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NAG Library Manual

# NAG Library Function Documentnag_bessel_y1 (s17adc)

## 1  Purpose

nag_bessel_y1 (s17adc) returns the value of the Bessel function ${Y}_{1}\left(x\right)$.

## 2  Specification

 #include #include
 double nag_bessel_y1 (double x, NagError *fail)

## 3  Description

nag_bessel_y1 (s17adc) evaluates an approximation to the Bessel function of the second kind ${Y}_{1}\left(x\right)$.
Note:  ${Y}_{1}\left(x\right)$ is undefined for $x\le 0$ and the function will fail for such arguments.
The function is based on four Chebyshev expansions:
For $0,
 $Y1x=2π ln⁡xx8∑′r=0arTrt-2πx +x8∑′r=0brTrt, with ​t=2 x8 2-1.$
For $x>8$,
 $Y1x=2πx P1xsinx-3π4+Q1xcosx-3π4$
where ${P}_{1}\left(x\right)=\underset{r=0}{{\sum }^{\prime }}\phantom{\rule{0.25em}{0ex}}{c}_{r}{T}_{r}\left(t\right)$,
and ${Q}_{1}\left(x\right)=\frac{8}{x}\underset{r=0}{{\sum }^{\prime }}\phantom{\rule{0.25em}{0ex}}{d}_{r}{T}_{r}\left(t\right)$, with $t=2{\left(\frac{8}{x}\right)}^{2}-1$.
For $x$ near zero, ${Y}_{1}\left(x\right)\simeq -\frac{2}{\pi x}$. This approximation is used when $x$ is sufficiently small for the result to be correct to machine precision. For extremely small $x$, there is a danger of overflow in calculating $-\frac{2}{\pi x}$ and for such arguments the function will fail.
For very large $x$, it becomes impossible to provide results with any reasonable accuracy (see Section 7), hence the function fails. Such arguments contain insufficient information to determine the phase of oscillation of ${Y}_{1}\left(x\right)$; only the amplitude, $\sqrt{\frac{2}{\pi x}}$, can be determined and this is returned on failure. The range for which this occurs is roughly related to machine precision; the function will fail if  (see the Users' Note for your implementation for details).

## 4  References

Abramowitz M and Stegun I A (1972) Handbook of Mathematical Functions (3rd Edition) Dover Publications
Clenshaw C W (1962) Chebyshev Series for Mathematical Functions Mathematical tables HMSO

## 5  Arguments

1:    $\mathbf{x}$doubleInput
On entry: the argument $x$ of the function.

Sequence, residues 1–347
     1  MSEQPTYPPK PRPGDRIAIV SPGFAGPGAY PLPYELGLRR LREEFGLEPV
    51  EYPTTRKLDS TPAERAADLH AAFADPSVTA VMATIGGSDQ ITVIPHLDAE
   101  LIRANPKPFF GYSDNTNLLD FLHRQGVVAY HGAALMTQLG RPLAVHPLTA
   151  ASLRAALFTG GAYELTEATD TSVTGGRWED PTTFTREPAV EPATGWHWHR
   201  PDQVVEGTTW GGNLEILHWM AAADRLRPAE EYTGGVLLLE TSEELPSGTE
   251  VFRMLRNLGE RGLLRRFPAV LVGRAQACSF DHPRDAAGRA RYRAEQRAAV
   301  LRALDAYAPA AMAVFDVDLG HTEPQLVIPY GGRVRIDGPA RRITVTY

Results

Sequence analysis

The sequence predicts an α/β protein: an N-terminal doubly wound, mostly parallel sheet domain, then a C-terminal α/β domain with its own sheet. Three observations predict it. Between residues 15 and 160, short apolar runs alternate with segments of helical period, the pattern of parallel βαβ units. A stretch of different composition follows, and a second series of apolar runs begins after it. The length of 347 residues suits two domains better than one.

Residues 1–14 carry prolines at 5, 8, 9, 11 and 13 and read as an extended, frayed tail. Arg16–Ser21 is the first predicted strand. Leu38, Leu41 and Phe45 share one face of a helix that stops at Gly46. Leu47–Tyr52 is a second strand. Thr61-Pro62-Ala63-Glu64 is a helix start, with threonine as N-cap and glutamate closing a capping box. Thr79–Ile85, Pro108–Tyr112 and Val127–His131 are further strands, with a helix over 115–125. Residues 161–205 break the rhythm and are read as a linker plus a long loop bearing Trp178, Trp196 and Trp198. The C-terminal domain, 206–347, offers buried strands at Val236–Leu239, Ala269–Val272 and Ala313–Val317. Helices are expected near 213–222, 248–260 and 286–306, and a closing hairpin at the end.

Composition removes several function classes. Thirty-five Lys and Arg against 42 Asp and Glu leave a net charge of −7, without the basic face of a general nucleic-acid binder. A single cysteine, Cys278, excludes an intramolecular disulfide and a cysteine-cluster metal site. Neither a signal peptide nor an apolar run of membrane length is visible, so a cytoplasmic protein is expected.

Constraint: ${\mathbf{x}}>0.0$.
2:    $\mathbf{fail}$NagError *Input/Output
The NAG error argument (see Section 2.7 in How to Use the NAG Library and its Documentation).

## 6  Error Indicators and Warnings

NE_ALLOC_FAIL
Dynamic memory allocation failed.
See Section 2.3.1.2 in How to Use the NAG Library and its Documentation for further information.
NE_INTERNAL_ERROR
An internal error has occurred in this function. Check the function call and any array sizes. If the call is correct then please contact NAG for assistance.
See Section 2.7.6 in How to Use the NAG Library and its Documentation for further information.
NE_NO_LICENCE
Your licence key may have expired or may not have been installed correctly.
See Section 2.7.5 in How to Use the NAG Library and its Documentation for further information.
NE_REAL_ARG_GT
On entry, ${\mathbf{x}}=〈\mathit{\text{value}}〉$.
Constraint: ${\mathbf{x}}\le 〈\mathit{\text{value}}〉$.
$x$ is too large, the function returns the amplitude of the ${Y}_{1}$ oscillation, $\sqrt{2/\left(\pi x\right)}$.
NE_REAL_ARG_LE
On entry, ${\mathbf{x}}=〈\mathit{\text{value}}〉$.
Constraint: ${\mathbf{x}}>0.0$.
${Y}_{1}$ is undefined, the function returns zero.
NE_REAL_ARG_TOO_SMALL
x is too close to zero and there is danger of overflow, ${\mathbf{x}}=〈\mathit{\text{value}}〉$.
Constraint: ${\mathbf{x}}>〈\mathit{\text{value}}〉$.
The function returns the value of ${Y}_{1}\left(x\right)$ at the smallest valid argument.

## 7  Accuracy

Let $\delta$ be the relative error in the argument and $E$ be the absolute error in the result. (Since ${Y}_{1}\left(x\right)$ oscillates about zero, absolute error and not relative error is significant, except for very small $x$.)
If $\delta$ is somewhat larger than the machine precision (e.g., if $\delta$ is due to data errors etc.), then $E$ and $\delta$ are approximately related by:
 $E ≃ x Y0 x - Y1 x δ$
(provided $E$ is also within machine bounds). Figure 1 displays the behaviour of the amplification factor $\left|x{Y}_{0}\left(x\right)-{Y}_{1}\left(x\right)\right|$.
However, if $\delta$ is of the same order as machine precision, then rounding errors could make $E$ slightly larger than the above relation predicts.
For very small $x$, absolute error becomes large, but the relative error in the result is of the same order as $\delta$.
For very large $x$, the above relation ceases to apply. In this region, ${Y}_{1}\left(x\right)\simeq \sqrt{\frac{2}{\pi x}}\mathrm{sin}\left(x-\frac{3\pi }{4}\right)$. The amplitude $\sqrt{\frac{2}{\pi x}}$ can be calculated with reasonable accuracy for all $x$, but $\mathrm{sin}\left(x-\frac{3\pi }{4}\right)$ cannot. If $x-\frac{3\pi }{4}$ is written as $2N\pi +\theta$ where $N$ is an integer and $0\le \theta <2\pi$, then $\mathrm{sin}\left(x-\frac{3\pi }{4}\right)$ is determined by $\theta$ only. If $x>{\delta }^{-1}$, $\theta$ cannot be determined with any accuracy at all. Thus if $x$ is greater than, or of the order of, the inverse of the machine precision, it is impossible to calculate the phase of ${Y}_{1}\left(x\right)$ and the function must fail.
Figure 1

None.

## 10  Example

This example reads values of the argument $x$ from a file, evaluates the function at each value of $x$ and prints the results.